So while Suhr is preparing to defend her Olympic title in Rio de Janeiro this August, Saxer is still chasing the dream of making the team. She recently tied her personal best indoors and believes she is peaking for the outdoor season and Olympic Trials, which are back in Eugene in July.
“I can’t believe it’s been four years,” Saxer said. “I’m like, shoot, how much more time can I do this for?”
Luckily, she landed a sponsorship deal with Nike a year ago.
It’s a huge boost for a U.S. track athlete, most of whom get scant financial support from USA Track and Field, the national federation.
“Financially, it helps,” she said. “Up until a year ago, I was buying my own shoes, my own trainers and spikes, all my workout clothes.
Now that’s all provided to me. That alone makes such a huge difference. I receive less than $10,000 from USATF. I can’t live on that.
“There’s talk about this all the time in U.S. track and field,” Saxer said. “There’s certain people making good money. But the vast majority of athletes are basically living at the poverty line. Most of the girls I’m around all the time are barely scraping by. It’s just unfortunate.”
In an age of professionals, the fortunate ones now perform into their primes. Saxer will turn 29 in June. Pole vaulters tend to peak in their late 20s. Suhr was 30 when she won gold in London. Saxer says she’s in the best shape of her life and getting better.
“Training is going well. I’m so excited. My first outdoor is this weekend in Austin, Texas. Then I’m at the Olympic training center in San Diego for a week. Then the Drake Relays. I really feel like those next heights are going to come quick. I feel like I’m so close to that next breakthrough.”
Saxer is now based in Boston. She trains at Harvard and MIT, where she’s an assistant coach. Two years ago, she married Justin Sibears, whom she met as a freshman at Notre Dame. Sibears, a Maryland native, works in finance in Boston.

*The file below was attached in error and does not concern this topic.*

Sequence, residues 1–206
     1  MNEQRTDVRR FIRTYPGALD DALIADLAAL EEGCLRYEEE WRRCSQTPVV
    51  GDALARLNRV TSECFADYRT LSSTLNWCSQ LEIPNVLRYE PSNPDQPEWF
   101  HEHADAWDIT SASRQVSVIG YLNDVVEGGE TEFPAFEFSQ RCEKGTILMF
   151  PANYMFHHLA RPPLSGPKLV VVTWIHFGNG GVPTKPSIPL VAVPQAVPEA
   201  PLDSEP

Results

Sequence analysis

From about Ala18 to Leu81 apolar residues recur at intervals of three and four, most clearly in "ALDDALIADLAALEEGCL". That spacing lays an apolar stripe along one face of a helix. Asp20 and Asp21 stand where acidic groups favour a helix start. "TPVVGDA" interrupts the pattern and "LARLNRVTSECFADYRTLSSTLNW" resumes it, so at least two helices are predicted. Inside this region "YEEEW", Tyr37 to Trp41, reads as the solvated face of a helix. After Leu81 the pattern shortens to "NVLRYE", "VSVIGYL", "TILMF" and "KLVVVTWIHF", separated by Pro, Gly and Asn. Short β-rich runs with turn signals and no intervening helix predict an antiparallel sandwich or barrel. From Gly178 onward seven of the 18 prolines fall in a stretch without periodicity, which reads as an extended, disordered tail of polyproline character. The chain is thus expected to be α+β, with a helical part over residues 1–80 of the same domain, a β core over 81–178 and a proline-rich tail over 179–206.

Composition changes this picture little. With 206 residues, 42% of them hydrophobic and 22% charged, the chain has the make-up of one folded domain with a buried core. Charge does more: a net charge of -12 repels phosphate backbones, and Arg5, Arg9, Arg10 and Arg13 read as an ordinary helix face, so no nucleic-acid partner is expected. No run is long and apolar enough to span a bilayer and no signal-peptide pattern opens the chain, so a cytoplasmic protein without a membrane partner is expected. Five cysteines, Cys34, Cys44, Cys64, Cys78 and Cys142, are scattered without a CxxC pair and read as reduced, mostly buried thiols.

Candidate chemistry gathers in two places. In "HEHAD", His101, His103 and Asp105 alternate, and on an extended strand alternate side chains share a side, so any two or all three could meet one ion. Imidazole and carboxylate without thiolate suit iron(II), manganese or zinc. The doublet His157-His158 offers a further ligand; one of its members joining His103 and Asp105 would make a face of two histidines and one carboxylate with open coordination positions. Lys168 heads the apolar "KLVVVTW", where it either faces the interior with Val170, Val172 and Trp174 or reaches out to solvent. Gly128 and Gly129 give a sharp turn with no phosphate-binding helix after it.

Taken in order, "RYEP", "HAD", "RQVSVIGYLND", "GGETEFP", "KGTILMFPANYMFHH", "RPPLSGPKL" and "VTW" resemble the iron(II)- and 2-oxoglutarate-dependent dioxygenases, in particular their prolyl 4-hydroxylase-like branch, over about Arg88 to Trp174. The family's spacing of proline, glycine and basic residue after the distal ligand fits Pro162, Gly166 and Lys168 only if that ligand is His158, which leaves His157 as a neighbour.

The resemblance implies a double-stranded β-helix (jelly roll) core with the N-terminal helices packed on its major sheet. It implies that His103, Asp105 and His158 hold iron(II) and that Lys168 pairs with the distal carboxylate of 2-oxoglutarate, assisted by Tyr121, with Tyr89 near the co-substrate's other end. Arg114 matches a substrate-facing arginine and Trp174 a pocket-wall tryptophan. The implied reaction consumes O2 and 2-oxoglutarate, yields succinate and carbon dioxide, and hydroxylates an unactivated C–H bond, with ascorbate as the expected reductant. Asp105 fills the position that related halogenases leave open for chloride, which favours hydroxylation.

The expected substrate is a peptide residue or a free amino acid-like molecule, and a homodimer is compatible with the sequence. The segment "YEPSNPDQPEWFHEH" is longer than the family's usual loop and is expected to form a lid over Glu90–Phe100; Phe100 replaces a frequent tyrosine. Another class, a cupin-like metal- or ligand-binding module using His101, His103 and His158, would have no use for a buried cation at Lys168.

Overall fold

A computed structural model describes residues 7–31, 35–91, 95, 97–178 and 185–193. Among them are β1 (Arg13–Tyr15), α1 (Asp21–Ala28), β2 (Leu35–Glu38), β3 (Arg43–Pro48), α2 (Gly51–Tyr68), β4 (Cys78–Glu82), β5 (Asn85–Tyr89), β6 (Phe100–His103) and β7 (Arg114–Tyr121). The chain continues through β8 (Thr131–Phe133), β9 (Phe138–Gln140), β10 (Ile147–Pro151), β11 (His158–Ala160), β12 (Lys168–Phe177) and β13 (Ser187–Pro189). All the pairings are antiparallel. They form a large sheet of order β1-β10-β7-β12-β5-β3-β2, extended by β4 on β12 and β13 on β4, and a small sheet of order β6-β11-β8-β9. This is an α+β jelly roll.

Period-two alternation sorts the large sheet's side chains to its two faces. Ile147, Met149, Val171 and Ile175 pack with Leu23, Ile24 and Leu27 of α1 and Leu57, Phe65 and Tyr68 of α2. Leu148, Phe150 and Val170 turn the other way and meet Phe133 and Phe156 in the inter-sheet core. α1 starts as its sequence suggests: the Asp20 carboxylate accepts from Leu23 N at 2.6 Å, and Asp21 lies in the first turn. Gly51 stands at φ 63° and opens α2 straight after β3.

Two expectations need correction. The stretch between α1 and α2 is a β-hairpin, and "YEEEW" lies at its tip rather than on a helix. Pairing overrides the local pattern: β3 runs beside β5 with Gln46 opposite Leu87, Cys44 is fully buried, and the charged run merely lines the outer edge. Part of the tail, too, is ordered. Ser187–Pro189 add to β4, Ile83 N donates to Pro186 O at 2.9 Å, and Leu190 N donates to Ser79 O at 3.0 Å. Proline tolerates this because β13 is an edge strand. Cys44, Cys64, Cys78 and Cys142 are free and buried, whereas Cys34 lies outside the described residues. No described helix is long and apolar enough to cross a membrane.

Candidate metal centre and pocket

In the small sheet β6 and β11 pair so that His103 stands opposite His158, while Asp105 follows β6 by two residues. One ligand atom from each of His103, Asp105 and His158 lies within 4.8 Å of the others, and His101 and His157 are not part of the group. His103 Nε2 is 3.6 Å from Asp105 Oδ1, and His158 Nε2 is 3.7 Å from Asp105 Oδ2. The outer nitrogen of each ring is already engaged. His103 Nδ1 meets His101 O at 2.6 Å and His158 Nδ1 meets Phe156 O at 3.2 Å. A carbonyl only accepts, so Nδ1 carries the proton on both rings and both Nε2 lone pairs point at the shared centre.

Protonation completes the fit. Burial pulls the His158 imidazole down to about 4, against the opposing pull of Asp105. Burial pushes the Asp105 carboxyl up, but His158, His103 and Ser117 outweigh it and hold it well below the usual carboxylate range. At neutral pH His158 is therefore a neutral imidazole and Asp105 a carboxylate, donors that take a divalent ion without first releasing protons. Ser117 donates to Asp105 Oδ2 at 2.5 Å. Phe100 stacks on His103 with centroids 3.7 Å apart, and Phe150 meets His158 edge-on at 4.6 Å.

“He’s the biggest sports fan I know,” she said. “He’s from Annapolis, but he would rather see the Bills win than the Ravens. He’s kind of drawn to their story. There’s a Buffalo Bills bar in the Fenway Park area. We go there in the fall and root on the Bills in Patriot territory.”
The Bills’ story is a tale of striving in the face of repeated disappointment. What Buffalo fan doesn’t like a good comeback? It would be something if Saxer came back after what happened four years ago to make the U.S. team.
She’s ranked 16th in the world at the moment. But there are three Americans ahead of her – Suhr (4), Sandi Morris (5) and Demi Payne (12). The women’s vaulters are in the same fix as some high-ranked U.S. golfers, who could miss the Olympics because the national talent pool is so deep.
Morris is 23, Payne 24, so women’s pole vaulting, which became an Olympic sport in 2000, is trending younger.
“Women’s pole vault is ridiculous now,” Saxer said. “Everyone’s jumping out of their minds, but it’s so motivating, too, to know another PR is right around the corner for me. So it makes me think even beyond this summer. I’m still so hungry. I feel there’s so much more for me to accomplish.”